‘You’re absolutely right. I’m going in!’ I tell Maggie, ‘Wish me luck!’

‘I don’t think you need it. You look fabulous today, and he obviously fancies you. It’s a done deal, kiddo.’ She gives me a quick hug and then speeds away in search of her beloved Alastair.

The room is crowded and hectic with jolly wedding guests, and Jamie has to weave his way between them. As do I, approaching him. But like in a movie, it’s as if there’s nobody else here and everyone else blurs away.

He looks stunning. He is stunning. The epithet ‘tall, dark and handsome’ might have been coined especially for him, and his black clothing—a leather jacket, black shirt, and black jeans—only amplify the effect. He clearly does his own thing at all times rather than conform to the traditions of wedding-guest attire. He wasn’t quite such an individualist all those years ago.

‘Suzie,’ he says softly when we’re face-to-face.

The way he says it whisks me back across the years and hurls me into the depths of my first hard crush on him, the desire I felt. Nobody calls me that now. It’s either ‘Suze’, or ‘Susannah’. But ‘Suzie’ sounds perfect on his lips, his name for me when I was his.

He smiles down at me. ‘To use a cliché, fancy meeting you here. You look wonderful. More beautiful than ever.’

The outrageous compliments out of the blue throw me into a tailspin, stealing any smart, snappy words I might have uttered. It’s as if I remember every second of our time together, especially the intimate bits.

Oh, how I loved him. I couldn’t get enough of him. But then we parted, and that bit of my memory is fuzzier. It was hard, I know, and it hurt, even though it was my choice. But it seemed like the best thing for us both at the time.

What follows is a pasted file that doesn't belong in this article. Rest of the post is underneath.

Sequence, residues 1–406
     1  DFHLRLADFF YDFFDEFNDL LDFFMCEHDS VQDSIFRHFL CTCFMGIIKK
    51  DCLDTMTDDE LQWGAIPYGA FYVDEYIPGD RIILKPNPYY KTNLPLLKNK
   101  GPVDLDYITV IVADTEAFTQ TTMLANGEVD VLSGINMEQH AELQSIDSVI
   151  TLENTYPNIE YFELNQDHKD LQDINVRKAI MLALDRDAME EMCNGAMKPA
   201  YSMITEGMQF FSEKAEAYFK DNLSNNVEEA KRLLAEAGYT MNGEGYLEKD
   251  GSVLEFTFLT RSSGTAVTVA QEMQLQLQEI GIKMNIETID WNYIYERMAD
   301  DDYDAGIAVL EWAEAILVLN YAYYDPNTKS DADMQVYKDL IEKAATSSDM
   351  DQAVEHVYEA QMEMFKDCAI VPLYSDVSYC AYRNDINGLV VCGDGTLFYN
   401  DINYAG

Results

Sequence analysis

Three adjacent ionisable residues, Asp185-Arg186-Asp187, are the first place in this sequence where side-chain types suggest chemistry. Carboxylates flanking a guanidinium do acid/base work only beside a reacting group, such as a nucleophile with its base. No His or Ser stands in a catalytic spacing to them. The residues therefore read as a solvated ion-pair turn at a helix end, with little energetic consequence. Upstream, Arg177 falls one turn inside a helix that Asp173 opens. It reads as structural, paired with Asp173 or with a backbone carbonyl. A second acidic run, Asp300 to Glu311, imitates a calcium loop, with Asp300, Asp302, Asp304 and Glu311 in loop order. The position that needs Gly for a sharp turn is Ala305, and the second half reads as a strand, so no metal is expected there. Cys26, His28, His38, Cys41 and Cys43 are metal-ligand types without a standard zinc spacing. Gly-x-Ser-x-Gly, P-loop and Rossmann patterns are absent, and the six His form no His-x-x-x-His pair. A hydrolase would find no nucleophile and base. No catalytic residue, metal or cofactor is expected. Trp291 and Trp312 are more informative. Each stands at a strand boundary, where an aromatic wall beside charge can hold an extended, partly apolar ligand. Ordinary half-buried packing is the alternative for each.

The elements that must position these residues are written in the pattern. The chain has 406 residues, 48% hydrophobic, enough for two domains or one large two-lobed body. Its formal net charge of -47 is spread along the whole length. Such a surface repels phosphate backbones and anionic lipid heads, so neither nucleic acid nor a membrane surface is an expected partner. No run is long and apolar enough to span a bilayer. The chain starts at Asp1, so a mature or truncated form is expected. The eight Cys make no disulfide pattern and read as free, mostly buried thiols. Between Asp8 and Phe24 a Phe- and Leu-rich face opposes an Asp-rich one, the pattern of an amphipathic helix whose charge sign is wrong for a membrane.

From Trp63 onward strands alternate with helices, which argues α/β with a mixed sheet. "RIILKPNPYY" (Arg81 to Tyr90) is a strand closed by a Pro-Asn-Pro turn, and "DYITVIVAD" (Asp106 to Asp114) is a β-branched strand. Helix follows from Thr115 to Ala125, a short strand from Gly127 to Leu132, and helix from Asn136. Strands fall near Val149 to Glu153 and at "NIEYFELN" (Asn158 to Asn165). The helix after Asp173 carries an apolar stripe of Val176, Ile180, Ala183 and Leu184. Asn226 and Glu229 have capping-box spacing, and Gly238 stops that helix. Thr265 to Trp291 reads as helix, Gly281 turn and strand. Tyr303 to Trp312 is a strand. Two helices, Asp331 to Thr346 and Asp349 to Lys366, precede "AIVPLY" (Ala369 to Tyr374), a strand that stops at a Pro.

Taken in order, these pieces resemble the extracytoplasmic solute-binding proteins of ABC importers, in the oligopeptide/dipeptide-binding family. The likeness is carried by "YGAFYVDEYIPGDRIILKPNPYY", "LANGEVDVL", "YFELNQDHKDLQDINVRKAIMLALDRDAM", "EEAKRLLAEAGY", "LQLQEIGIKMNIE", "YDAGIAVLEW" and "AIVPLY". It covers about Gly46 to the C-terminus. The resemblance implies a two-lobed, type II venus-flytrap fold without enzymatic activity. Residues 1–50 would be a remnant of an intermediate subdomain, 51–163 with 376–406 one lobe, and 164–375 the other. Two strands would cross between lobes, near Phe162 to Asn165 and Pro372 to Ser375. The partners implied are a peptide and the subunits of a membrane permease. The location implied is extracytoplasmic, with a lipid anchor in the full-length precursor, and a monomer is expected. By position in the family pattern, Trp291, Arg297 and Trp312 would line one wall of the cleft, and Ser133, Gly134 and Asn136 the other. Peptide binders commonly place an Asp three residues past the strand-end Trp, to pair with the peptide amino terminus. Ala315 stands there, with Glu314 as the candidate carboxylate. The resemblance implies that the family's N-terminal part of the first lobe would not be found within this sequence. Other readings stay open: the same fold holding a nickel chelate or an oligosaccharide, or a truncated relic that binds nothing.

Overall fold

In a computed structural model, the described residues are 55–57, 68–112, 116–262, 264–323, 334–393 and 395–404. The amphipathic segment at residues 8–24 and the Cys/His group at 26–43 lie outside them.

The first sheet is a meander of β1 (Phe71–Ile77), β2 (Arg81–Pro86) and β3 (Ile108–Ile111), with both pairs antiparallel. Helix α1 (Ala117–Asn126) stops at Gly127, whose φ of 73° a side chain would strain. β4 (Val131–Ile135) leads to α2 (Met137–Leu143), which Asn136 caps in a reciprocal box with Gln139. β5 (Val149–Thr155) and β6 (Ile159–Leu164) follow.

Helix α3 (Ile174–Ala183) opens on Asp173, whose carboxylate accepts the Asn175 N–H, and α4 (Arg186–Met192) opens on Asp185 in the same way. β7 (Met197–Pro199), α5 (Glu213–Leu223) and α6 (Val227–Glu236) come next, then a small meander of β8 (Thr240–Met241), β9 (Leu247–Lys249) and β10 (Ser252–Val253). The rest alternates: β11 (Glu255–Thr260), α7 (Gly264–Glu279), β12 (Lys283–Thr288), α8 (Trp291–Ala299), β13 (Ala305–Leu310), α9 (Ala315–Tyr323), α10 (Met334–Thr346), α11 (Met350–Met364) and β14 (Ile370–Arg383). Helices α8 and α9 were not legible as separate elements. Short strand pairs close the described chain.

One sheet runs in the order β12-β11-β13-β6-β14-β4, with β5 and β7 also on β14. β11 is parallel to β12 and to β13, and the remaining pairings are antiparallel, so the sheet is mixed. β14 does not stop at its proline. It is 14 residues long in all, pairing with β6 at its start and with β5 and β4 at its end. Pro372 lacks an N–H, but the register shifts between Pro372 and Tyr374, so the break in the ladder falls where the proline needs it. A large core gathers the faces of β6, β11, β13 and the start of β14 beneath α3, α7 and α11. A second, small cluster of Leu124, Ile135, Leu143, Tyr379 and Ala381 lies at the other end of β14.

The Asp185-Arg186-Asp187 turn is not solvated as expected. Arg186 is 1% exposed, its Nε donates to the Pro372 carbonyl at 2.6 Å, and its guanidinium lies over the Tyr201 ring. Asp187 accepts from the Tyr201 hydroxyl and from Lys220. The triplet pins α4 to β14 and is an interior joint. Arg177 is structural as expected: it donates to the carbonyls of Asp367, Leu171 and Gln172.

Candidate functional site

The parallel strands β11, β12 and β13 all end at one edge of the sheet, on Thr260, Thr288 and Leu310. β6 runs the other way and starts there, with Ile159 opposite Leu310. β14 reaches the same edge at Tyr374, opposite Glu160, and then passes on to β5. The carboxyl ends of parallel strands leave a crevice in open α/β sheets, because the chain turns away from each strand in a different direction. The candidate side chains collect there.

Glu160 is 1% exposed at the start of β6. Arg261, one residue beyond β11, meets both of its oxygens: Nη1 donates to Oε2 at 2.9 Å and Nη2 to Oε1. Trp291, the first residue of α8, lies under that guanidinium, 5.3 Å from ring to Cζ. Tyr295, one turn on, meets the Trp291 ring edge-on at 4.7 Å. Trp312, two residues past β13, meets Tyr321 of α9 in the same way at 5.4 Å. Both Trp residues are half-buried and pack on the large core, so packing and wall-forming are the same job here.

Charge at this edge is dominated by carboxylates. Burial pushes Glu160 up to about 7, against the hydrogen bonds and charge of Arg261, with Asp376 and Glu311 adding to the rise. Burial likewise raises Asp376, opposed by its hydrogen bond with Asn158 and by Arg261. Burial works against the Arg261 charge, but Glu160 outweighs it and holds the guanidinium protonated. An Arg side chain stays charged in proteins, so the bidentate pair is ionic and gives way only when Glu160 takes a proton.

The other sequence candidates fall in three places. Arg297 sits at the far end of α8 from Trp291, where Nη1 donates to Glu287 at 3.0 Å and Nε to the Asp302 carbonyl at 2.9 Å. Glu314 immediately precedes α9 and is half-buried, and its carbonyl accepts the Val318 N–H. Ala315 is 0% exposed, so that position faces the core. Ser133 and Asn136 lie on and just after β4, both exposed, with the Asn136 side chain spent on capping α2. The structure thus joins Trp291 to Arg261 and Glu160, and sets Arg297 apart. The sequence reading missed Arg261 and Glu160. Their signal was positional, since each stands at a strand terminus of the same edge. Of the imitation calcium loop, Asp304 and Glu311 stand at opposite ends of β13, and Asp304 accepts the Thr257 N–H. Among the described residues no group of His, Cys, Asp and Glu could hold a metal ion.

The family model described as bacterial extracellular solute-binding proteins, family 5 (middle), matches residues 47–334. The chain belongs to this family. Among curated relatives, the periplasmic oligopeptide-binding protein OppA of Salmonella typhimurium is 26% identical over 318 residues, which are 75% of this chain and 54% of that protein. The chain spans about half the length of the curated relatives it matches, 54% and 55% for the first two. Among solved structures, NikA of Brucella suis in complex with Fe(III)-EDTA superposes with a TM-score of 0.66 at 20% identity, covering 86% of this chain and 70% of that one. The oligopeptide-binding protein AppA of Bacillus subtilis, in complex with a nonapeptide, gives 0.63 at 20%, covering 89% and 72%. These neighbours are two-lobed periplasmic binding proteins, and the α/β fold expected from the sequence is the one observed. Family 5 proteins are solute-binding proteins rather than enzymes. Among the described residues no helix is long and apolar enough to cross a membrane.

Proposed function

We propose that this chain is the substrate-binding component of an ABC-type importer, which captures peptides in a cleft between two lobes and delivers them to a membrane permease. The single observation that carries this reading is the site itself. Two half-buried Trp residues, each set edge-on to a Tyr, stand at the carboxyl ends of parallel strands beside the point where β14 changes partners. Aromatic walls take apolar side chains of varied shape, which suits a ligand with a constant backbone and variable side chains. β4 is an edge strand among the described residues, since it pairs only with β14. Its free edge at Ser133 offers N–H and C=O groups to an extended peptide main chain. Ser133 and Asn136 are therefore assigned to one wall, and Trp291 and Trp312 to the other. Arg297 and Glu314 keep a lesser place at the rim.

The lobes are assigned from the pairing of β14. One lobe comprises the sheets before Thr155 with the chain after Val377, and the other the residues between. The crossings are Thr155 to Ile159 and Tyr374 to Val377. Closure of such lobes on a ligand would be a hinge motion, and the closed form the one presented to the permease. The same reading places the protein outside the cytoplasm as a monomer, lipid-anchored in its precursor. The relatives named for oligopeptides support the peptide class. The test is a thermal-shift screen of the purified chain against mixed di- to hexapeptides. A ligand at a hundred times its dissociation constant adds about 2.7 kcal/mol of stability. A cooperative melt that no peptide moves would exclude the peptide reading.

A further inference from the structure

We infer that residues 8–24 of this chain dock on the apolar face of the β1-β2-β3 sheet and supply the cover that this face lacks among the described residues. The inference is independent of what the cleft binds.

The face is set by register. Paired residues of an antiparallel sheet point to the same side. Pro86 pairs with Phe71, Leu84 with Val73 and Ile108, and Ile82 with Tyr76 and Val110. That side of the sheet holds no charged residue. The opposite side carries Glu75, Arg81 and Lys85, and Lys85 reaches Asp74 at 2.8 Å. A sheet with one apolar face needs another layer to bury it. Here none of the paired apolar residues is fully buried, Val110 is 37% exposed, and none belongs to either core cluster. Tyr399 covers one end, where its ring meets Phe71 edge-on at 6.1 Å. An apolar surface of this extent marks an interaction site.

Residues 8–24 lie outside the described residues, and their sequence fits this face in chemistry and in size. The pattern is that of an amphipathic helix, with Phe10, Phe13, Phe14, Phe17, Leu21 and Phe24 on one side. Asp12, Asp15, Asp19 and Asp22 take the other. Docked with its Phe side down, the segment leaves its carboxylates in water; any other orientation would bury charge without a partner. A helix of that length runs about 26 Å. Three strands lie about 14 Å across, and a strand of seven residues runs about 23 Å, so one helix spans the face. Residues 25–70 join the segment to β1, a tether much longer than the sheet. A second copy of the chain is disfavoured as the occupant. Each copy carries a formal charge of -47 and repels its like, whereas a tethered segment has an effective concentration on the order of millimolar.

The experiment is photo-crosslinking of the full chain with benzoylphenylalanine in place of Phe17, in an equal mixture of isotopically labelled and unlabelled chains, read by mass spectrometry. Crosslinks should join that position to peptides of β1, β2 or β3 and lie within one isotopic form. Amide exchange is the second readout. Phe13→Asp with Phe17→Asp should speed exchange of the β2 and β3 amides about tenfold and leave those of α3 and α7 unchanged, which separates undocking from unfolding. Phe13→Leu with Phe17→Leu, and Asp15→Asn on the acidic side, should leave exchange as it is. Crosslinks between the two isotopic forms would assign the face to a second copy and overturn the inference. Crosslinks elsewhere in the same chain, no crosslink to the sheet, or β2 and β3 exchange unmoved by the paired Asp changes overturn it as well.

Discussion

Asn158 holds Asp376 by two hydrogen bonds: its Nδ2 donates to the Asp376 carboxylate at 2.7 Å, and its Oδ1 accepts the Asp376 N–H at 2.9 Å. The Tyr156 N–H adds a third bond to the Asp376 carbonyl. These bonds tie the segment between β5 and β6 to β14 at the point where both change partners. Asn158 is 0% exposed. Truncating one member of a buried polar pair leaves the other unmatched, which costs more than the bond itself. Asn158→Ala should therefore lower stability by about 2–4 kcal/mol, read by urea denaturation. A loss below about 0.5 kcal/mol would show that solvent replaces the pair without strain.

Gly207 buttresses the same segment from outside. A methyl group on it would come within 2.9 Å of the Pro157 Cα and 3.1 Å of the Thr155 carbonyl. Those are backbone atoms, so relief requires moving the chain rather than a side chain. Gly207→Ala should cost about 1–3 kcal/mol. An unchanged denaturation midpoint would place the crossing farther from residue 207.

Afterwards, though, I wasn’t so sure.

‘Ditto,’ I finally blurt out and then laugh. I sound so dumb, so gauche. So bemused by the intersection of the past and the present. ‘Love the hair!’ I nod at the beautiful black silk fall that brushes his shoulders. ‘It’s a small world though, isn’t it? You’re Ben’s uni friend, I understand?’

He nods now. He’s scrutinising me intensely, but his expression is guarded too. He’s giving far less away than I am, that’s for sure.

‘And I’m a friend and workmate of Sarah, the bride.’

We’re standing here, face-to-face, locked in this strange moment and very much in the way of everything, at a bottleneck in the room. Other guests jostle past us, some excusing themselves, others not so much, tut-tutting a bit.

‘Look, I saw a smaller bar across the foyer. Shall we go and get a drink there?’ His hand settles on my elbow to guide me, and it’s like electricity. His green eyes flare as if he felt the same jolt of reaction.

‘Sounds great. I’d love to.’

He pauses momentarily. ‘Unless you’re with someone, of course?’

‘Nope. I’m all on my own. A singleton. Fancy-free.’ Gah, that sounds a bit desperate, and ridiculous, as if despite everything, I’m trying to pull him.

Maybe I am trying to pull him? My body’s screaming at me that I want him. Hell, I don’t know. Maybe it’s best just to wing it. See how the reminiscences go, whether there are any lingering hard feelings. I lead the way out, heading towards the foyer and the small bar beyond.

‘What’ll you have?’ he asks when we’re settled on two stools.

I’m not sure which I’m more conscious of: the way my skirt’s